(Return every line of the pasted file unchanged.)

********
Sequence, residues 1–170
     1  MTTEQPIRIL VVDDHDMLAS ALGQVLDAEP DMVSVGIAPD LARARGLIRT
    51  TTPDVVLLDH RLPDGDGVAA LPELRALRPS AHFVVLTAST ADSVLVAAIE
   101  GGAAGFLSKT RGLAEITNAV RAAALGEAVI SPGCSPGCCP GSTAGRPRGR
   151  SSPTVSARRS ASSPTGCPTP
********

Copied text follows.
Sequence, residues 1–170
     1  MTTEQPIRIL VVDDHDMLAS ALGQVLDAEP DMVSVGIAPD LARARGLIRT
    51  TTPDVVLLDH RLPDGDGVAA LPELRALRPS AHFVVLTAST ADSVLVAAIE
   101  GGAAGFLSKT RGLAEITNAV RAAALGEAVI SPGCSPGCCP GSTAGRPRGR
   151  SSPTVSARRS ASSPTGCPTP